Get Organized for Back to School Success

Back-to-School-Success

This summer, the head coordinator of the PTA of a local private school in Los Angeles hired me to give a presentation to the parents on getting students organized.  I decided to call the workshop “Back to School Success.” The parents submitted several questions that were on their minds.

Here are some of the most common questions and my answers:

1. What kind of system can you suggest to keep all the kids’ paperwork in one place?

Each child should have a basket, container or drawer to put their school work in that is kept at home, and it should be easily found for reference for themselves.  For example, when your child gets back from school and wants to leave their “work in progress” notes, spelling test, and assignment at home, they will have a holding area.  This insures there is a place for them to look for work that needs to go back to school. This basket can be in the kitchen or family room or close by where they do their homework. It should be thinned out once a month and kept up to date.

2. What methods (whiteboards etc) do you recommend using to help the kids know which day they are expected to bring in what?

Some mothers like whiteboards and some students respond well to them.  You can use different color dry erase markers for each child/student to keep track of different schedules. A whiteboard can be used for homework and school/activities appointment, as well as a wall calendar. Some homes need a hard poster board to write each activity and schedule for the day.  It mostly depends on how much each child (and mom) needs to be reminded.  Calendar boards are really good, especially if they are used religiously and diligently.

3. What is the most important thing we can do to help our kids become organized?

When parents model good habits for their children, that is the best form of support.  That means that the parent is on time and follows through with activities, requests and promises. Having a good CEO is the key to success for any organization, and the CEO here is the parent.  Other than that, set up a well-organized home and try to keep it clutter and stress-free.  Have everything well planned out and follow up with a smile and praise.  (Just like in a well-run business.)

4. By the time they reach junior high, should we help them to plan their time or should they do it themselves?

I think each parent should evaluate how much time their child needs to get work done.  For example, you will find that some of your children will need to eat something small as a snack while they are doing their homework, while others will need complete silence and nothing on the table.  Some might need background noise like music to work and concentrate.  This same priniciple goes for time management also.  Each child works at a different speed.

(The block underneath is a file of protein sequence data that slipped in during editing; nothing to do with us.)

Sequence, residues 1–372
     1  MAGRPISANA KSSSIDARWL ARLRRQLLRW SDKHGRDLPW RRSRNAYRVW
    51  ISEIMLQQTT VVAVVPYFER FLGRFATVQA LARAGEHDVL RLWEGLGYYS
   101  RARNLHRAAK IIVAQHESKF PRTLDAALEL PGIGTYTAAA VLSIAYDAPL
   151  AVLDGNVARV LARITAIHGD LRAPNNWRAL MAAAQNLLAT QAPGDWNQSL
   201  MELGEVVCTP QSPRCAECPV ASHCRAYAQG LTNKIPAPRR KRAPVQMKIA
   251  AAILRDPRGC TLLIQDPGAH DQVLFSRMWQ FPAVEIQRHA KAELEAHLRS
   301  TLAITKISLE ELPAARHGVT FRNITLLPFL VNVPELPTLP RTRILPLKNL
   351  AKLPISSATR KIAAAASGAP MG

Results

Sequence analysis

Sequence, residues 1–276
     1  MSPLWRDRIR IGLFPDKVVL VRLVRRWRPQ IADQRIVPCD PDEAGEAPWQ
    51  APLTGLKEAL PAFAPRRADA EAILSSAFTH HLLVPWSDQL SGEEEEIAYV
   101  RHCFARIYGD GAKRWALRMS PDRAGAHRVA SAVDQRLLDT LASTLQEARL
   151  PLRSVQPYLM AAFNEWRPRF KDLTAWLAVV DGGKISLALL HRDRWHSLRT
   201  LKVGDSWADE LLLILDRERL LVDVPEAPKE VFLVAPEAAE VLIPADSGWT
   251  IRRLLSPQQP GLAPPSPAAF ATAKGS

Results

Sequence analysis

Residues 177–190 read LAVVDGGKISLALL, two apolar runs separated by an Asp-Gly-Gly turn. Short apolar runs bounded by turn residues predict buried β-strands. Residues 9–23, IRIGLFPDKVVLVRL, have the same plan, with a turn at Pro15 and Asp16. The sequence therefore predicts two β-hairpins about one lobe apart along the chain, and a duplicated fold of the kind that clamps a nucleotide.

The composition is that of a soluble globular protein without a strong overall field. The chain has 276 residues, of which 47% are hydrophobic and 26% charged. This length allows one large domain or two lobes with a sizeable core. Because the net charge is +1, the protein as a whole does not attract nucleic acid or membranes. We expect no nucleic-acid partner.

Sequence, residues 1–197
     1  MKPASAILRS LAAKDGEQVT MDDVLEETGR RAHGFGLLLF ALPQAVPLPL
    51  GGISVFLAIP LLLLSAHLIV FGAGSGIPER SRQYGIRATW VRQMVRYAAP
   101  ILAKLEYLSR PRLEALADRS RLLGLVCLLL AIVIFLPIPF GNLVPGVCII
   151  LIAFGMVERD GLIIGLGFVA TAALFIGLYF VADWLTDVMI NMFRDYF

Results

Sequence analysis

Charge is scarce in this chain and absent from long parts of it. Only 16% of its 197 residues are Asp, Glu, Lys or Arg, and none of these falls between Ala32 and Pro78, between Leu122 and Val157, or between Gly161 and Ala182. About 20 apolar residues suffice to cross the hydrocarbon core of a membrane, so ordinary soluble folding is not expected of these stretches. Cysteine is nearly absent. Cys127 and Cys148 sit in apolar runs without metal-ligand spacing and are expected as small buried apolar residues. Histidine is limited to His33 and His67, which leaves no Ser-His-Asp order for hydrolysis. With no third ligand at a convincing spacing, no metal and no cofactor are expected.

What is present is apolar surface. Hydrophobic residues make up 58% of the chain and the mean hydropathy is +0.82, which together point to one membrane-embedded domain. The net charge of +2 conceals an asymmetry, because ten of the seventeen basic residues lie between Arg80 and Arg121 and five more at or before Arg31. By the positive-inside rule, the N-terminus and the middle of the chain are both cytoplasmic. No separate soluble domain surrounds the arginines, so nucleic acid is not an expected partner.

Spend time observing your child and talking to them.  Experiment with different locations in the house to complete homework and /or different types of environment.   Some might need to go to the library to do work, or use a different location in the home. Some students do well starting with the hardest homework first and saving the easiest for last, as they might get tired in the later evening.  On the other hand, some students like to start with the easier work first to give them encouragement that they can do the harder assignments.

5. Do you think organizing their room is part of helping them organize their homework?

I personally think an organized room helps the student focus.  How can children works in a cluttered distracted environment?  I vote for setting up a homework area with a desk and chair, good lighting and supplies.

6. How much input do you think that the parents should have when helping to keep kids organized?

The parent should set up the system and supply the tools to make the organization “user friendly”.  This means giving them a plastic container for their supplies, a drawer or basket for their papers and homework folder. Follow up daily or weekly.  See what they need and mix things up if something isn’t working.  Think of school as their job.  Sometimes the supervisor or boss needs to give advice and input to make the project successful.  School and students are not difference then employer and employee.

Remember, your home and children are your most important assets.  Protect, support and value their work and efforts.

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